1. If you decide to increase revenue by licensing your brand, be aware that excessive licensing could lead to a situation where your brand is no longer an indication of origin, which could lead to rights in the trade mark in question being lost. Such a situation might arise if lots of unrelated companies were licensed to use the brand in question in relation to shirts, for example, and produced items of wildly varying quality levels.

 

  1. If you use your personal name as your brand and decide to sell your business, make sure you understand and are prepared to abide by the contractual arrangements relating to use of your name. A purchaser is likely to want to have exclusive rights to the brands the business has been using to date. If you don’t intend to retire, you may need to think carefully about how you will work as a fashion designer in the future.

By Andy Clemson and Cathy Ayers

Opportunities in vehicle electrification

Jaguar Land Rover has recently completed its fit-out of its Castle Bromwich Plant for producing the new electric, ninth-generation Jaguar XJ vehicle. This site has seen a great deal of technical innovation over the years, having first been created as a shadow factory for the advanced Spitfire fighter plane and then subsequently being fitted out for building the highly automated robotised XJ40 in the 1980’s ready for Jaguar’s 4th generation XJ40 vehicle.  The factory continues to produce other advanced vehicles in the model line-up, but this is the first time that Jaguar has set up for electric vehicle manufacturers in the U.K. (its fully electric I-Pace vehicle being made under contract by Magna Steyr in Austria). (more…)

Are patents being considered when looking at tackling global warming?

According to data published by NASA’s Gravity Recovery and Climate Experiment, over the past 35 years, global warming has occurred, however, the warmest years on record have taken place since 2010. (more…)

Chat sh*t and get banged – how offensive does a trade mark have to be to be refused registration?

On 2 December 2016, the company V9 Media Limited, which has two directors, Jamie Richard Vardy and Rebekah Vardy applied to register 5 trade marks in the United Kingdom.  The marks were V9 ACADEMY, V9, JAMIE VARDY, JAMIE VARDY’S HAVING A PARTY and CHAT SH*T GET BANGED.  All the marks are now registered, but the scope of the CHAT SH*T GET BANGED application was limited after filing, to focus the protection on goods for adults, and was registered in March 2017.

This appears to be the truth behind the rather more controversial story run by the Daily Mail on 31 July 2019 https://www.dailymail.co.uk/news/article-7303713/Jamie-Rebekah-Vardy-fail-bid-trademark-phrase-Chat-s-banged.html

In this article, it was claimed that Jamie and Rebekah had failed in an attempt to get the mark registered after ‘rapper Stomzy said it in a new song with Ed Sheeran’. It also went on to report that the Intellectual Property Office ‘…denied their bid to protect its use in music because it contained an expletive.’

The application appears never to have covered recorded music, nor entertainment services.  However, the application wasn’t limited to items for adults when it was filed, and, particularly interestingly, covered school satchels, school bags and baby carriers!  One assumes that the UK Intellectual Property Office were a bit squeamish about allowing registration of the mark for those items and for any other items which might be purchased by children, while accepting the phrase is not something adults would find particularly shocking. CHAT SH*T GET BANGED is apparently a term widely used by Jamie Vardy, and means ‘those who speak ill of others can expect negative consequences’. Some internet comments suggest the term should in fact be CHAT SH*T GET HIT, which is more readily understandable, as well as being more poetic!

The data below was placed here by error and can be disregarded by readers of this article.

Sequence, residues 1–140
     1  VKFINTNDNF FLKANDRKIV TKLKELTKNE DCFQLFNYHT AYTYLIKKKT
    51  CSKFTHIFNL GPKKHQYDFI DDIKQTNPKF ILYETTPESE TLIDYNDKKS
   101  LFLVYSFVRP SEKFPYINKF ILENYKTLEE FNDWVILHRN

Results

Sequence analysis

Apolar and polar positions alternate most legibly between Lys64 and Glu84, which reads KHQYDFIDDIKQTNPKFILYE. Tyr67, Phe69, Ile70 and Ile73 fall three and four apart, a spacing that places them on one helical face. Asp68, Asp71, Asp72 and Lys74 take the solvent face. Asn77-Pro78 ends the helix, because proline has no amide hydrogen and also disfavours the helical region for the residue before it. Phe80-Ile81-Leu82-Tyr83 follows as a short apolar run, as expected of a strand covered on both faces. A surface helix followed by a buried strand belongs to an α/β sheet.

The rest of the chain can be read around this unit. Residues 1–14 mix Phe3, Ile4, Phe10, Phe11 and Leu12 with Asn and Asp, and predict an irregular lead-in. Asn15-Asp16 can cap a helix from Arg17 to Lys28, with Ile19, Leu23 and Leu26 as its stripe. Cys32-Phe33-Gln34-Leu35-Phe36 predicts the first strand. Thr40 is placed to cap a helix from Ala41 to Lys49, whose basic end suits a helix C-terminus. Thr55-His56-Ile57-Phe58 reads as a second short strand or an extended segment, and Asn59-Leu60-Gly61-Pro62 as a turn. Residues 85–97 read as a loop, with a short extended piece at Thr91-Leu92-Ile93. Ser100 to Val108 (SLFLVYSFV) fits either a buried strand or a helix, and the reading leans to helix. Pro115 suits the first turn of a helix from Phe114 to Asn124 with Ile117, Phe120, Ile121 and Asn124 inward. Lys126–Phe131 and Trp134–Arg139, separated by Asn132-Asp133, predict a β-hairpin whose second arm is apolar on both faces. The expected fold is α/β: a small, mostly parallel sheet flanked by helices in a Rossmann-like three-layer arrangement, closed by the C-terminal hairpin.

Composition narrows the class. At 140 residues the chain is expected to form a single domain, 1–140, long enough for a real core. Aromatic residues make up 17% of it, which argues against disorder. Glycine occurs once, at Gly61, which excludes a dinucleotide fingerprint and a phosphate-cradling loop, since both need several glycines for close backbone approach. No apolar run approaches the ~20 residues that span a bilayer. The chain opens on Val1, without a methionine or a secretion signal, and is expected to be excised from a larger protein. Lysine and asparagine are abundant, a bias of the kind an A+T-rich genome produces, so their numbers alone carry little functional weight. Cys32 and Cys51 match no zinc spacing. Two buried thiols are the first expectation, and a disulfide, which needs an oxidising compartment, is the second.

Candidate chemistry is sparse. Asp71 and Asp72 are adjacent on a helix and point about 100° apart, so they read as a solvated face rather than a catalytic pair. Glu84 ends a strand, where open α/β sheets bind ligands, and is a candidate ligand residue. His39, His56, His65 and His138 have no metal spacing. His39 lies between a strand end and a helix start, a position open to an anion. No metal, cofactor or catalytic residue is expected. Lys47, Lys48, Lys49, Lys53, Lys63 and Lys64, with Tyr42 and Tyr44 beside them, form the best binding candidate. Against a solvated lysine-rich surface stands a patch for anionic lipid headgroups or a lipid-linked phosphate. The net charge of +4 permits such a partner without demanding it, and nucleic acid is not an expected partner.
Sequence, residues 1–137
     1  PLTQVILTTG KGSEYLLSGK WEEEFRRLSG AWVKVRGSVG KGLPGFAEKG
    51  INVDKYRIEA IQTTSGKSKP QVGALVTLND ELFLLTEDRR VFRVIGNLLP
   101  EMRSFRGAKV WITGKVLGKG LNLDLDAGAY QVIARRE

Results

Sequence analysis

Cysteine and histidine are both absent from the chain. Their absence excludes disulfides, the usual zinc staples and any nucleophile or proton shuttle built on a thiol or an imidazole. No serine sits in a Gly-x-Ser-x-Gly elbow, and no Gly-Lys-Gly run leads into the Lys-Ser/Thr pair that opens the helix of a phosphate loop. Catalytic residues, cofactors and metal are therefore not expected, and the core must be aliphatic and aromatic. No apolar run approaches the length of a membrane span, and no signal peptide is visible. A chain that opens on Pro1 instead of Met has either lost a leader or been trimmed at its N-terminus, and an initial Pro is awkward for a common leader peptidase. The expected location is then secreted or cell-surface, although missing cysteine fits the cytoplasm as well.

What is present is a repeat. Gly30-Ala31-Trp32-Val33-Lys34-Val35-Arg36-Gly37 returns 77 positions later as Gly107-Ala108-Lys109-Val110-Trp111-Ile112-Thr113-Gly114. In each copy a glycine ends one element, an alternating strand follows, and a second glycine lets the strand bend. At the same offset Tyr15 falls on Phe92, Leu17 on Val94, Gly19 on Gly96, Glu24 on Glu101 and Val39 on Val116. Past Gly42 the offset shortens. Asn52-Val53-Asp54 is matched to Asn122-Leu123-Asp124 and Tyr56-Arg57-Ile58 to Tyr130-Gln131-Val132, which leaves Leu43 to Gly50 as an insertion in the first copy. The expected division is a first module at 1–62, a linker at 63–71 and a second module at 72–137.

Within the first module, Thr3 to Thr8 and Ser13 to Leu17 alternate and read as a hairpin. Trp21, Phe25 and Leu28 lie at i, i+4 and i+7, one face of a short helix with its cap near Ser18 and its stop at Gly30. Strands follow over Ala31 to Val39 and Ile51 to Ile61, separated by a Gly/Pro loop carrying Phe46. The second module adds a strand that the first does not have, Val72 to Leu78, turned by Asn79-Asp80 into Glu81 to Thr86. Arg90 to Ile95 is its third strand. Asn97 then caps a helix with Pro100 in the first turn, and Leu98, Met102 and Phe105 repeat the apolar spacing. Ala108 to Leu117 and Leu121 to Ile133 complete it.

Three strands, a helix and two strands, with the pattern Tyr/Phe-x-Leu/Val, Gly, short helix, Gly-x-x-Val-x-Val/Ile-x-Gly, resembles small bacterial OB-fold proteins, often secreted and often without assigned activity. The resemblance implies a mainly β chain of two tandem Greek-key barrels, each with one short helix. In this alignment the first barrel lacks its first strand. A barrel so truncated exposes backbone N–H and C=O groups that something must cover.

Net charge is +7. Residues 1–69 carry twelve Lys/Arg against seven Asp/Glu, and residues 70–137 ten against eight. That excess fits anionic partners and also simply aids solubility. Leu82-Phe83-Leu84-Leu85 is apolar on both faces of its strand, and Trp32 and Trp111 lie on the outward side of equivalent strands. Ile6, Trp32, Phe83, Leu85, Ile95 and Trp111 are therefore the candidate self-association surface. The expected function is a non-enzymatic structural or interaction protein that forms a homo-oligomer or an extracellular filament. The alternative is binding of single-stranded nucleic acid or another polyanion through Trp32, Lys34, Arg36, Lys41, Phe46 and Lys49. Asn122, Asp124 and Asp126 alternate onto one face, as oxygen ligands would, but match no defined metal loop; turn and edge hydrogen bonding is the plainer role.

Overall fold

Trade mark laws throughout the world generally prohibit registration of marks which are offensive, but a lot of marks fall into a grey area and the trade mark offices have to make a difficult judgement-call over whether a mark is entitled to protection or not.  The FCUK brand is probably the most famous/ widely used, ‘offensive’ brand in the UK and although it is a registered trade mark, the mark was the subject of a lengthy dispute https://www.ipo.gov.uk/t-challenge-decision-results/o13706.pdf as to whether it was entitled to protection. The question of whether the mark is validly registered is probably still one on which there are mixed views. For anyone wanting to know more, the UK Intellectual Property Office has a detailed practice guide, see this link https://www.gov.uk/guidance/trade-marks-manual/the-examination-guide  and scroll down to ‘offensive marks’.

It is not uncommon for journalists to get completely the wrong end of the stick regarding trade mark cases, but even so, the Daily Mail’s reporting of this case is very depressing. Some of the comments on the case are worth a read, though, if you appreciate a certain type of wit! My favourite at the time of writing this was ‘Jamie Vardy had one good season. Can I get that trademarked???’. The answer (particularly given that Jamie has registered his name as a trade mark) is ‘probably not’. But it would be fun to try.

By Cathy Ayers

Top tips in domain name disputes

Here is our list of top tips in domain name disputes. (more…)